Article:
Florida statutes presume that, in the absence of a signed agreement for single agency or no brokerage relationship, all sales associates are working as transaction brokers serving to represent all parties in a limited manner and produce a sale between the buyer and the seller. Transaction brokers provide limited representation to both parties, and a sales associate originally working as a buyer's agent or seller's agent can, with the written consent of both parties, transition to a transaction brokerage relationship in order to assist both parties.

Gross Rent Multiplier
Property value divided by the monthly rent. This is used as a quick, short-hand "guesstimate" for a property's approximate value. Sometimes this calculation produces a positive cash flow; other times a negative one--and one is not necessarily better than the other. Far more detailed calculations are necessary to determine a property's real market value and attractiveness as an investment.

Economic - building an airport nearby. Economic obsolescence occurs when factors unrelated to the property itself and outside of the owner's control diminish its value. A quick way to judge whether or not a property has become economically obsolete is to analyze whether, under the new circumstances, the location would still be chosen as a home site and, if yes, at what value compared with the current property.
Functional - steep stairwell in a 1.75 level home
External - is caused by events outside of the owner's control, such as a zoning change that makes the building's current use non-conforming.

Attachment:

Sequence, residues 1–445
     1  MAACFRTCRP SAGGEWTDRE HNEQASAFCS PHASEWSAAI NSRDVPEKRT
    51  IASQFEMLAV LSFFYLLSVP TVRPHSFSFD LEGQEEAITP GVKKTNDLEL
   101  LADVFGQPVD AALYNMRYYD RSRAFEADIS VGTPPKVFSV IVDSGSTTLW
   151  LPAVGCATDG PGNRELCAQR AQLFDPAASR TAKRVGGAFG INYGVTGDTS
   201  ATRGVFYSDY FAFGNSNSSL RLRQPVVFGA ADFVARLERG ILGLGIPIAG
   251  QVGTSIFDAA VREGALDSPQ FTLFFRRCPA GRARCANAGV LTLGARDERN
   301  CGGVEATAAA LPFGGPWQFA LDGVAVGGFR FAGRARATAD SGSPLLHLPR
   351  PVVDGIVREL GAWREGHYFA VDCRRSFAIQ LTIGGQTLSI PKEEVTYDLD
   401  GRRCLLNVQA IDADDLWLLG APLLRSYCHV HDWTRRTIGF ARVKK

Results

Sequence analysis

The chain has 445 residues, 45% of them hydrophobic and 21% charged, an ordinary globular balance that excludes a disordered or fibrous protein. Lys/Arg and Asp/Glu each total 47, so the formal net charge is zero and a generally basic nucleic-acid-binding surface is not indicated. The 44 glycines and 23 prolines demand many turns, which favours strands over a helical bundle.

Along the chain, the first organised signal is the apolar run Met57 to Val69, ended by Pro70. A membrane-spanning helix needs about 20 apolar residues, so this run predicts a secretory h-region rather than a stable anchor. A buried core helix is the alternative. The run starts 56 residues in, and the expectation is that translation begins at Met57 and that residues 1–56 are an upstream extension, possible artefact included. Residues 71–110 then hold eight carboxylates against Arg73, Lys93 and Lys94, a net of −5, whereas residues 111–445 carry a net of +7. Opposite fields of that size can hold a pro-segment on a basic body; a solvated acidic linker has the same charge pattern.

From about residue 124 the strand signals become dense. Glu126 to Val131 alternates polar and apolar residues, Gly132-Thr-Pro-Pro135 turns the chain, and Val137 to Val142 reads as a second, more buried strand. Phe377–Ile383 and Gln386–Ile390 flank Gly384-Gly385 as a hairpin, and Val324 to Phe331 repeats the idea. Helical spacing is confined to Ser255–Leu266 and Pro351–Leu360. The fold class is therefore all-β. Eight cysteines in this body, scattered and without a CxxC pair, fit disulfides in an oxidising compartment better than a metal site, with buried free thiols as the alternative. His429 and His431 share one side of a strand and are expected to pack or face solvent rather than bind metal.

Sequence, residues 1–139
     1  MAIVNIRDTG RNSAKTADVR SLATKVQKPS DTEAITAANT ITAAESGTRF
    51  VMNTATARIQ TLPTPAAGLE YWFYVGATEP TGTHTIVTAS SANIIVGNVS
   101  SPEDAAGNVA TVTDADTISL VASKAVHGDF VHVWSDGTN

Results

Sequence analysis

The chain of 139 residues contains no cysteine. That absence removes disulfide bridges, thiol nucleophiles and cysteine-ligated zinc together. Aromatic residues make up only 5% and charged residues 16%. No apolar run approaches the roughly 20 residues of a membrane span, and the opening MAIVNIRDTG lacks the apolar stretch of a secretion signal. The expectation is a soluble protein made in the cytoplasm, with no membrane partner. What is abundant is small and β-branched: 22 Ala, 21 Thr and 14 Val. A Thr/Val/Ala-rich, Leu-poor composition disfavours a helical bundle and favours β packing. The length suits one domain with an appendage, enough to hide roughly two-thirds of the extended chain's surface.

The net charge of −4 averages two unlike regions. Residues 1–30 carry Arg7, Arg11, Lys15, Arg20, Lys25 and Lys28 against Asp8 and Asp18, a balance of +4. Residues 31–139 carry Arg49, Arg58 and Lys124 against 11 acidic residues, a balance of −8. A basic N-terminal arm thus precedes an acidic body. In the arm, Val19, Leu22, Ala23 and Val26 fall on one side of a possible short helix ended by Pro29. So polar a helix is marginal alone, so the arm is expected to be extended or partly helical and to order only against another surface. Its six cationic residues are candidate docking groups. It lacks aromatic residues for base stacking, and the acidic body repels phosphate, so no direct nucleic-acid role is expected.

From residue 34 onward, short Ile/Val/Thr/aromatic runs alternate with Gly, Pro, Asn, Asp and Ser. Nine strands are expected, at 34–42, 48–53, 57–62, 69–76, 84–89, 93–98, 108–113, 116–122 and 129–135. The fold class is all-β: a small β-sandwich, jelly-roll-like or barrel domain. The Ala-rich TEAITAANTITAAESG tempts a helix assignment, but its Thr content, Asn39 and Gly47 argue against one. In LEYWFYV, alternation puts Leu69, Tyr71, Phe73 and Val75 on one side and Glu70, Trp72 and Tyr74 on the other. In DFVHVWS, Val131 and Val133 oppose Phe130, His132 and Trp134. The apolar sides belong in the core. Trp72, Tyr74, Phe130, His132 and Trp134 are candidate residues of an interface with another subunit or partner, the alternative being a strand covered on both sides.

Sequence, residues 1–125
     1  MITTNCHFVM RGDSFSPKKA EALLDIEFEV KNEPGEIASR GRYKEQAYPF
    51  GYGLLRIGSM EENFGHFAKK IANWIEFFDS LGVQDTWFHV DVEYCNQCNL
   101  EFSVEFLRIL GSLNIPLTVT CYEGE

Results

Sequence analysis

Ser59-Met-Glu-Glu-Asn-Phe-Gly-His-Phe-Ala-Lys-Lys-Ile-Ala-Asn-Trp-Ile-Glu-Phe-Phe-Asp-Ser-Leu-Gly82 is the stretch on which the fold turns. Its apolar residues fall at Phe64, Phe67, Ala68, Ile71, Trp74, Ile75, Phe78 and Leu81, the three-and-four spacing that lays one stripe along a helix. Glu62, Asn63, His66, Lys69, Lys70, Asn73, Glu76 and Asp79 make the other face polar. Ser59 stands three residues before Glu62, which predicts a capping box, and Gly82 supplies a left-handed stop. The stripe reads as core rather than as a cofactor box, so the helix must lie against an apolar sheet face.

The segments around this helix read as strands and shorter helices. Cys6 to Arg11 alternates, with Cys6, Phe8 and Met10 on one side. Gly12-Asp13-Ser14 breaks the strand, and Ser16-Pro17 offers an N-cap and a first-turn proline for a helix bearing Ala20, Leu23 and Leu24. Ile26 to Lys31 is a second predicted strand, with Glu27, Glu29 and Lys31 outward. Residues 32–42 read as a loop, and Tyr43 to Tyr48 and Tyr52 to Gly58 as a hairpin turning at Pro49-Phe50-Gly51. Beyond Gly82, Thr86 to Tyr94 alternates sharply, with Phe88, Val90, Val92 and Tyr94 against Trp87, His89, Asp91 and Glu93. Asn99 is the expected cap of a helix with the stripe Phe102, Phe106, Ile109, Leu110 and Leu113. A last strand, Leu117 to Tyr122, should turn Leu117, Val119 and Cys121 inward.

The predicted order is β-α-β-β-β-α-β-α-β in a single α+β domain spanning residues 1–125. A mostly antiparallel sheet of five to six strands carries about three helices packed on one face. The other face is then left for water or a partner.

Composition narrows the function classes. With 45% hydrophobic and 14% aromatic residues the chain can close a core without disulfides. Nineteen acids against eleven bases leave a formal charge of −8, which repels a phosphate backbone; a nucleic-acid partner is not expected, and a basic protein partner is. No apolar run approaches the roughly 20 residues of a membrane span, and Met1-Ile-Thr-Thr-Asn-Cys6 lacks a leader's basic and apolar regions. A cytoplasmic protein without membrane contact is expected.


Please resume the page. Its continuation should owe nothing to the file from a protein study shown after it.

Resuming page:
Although engaging in the practice of real estate without a license is a third-degree felony in Florida, this would be a criminal case and not under the oversight of FREC. FREC can, however, discipline licensees for license law infractions, including suspension and revocation of licenses and the imposition of administrative fines. FREC also has jurisdiction over the Recovery Fund and may levy special fees as long as the Recovery Fund does not exceed $1 million. FREC may also specify circumstances under which a broker is allowed to disburse funds from escrow accounts without notifying FREC.

Tenants in common have flexibility in how they divide ownership and assign survivorship rights. Joint tenants, on the other hand, own property in equal shares while a general partnership is a business unit serving other shareholders. Severalty, as stated previously, is sole ownership.

Spot zoning refers to the practice of reclassifying one piece of property in a manner inconsistent with the surrounding properties. When it occurs, it is often widely criticized and often overturned, except in circumstances that benefit the surrounding area, such as a corner grocery store or recreation area.

Real Estate Recovery Fund
No one with a current, valid, active real estate license at the time of an alleged act would be eligible for damages from the Real Estate Recovery Fund. In order to be eligible to receive a payment from the Real Estate Recovery Fund, an individual must have a final judgment from a civil court against a licensee (may be waived in case of licensee's death) and must make the claim within 2 years from the actual act or discovery of the act (as long as no more than 4 years have elapsed since the act). Additionally, the claimant must have notified the commission by certified mail at the time the action against the licensee was initiated. Any monies already recovered from other sources must be applied to the court-awarded damages.

"Due care" refers to the licensee's obligation to ensure that all steps in the transaction process are followed with professionalism and accuracy. Errors that a broker or salesperson could reasonably have been expected to avoid and that damage a client (such as the loss of a sale) may be legally actionable.

In banking math, eight discount points increase the percentage yield from one point spread to the next. Thus six discount points would increase the percentage yield 3/4 of a point.

A salesperson may only be compensated by his broker.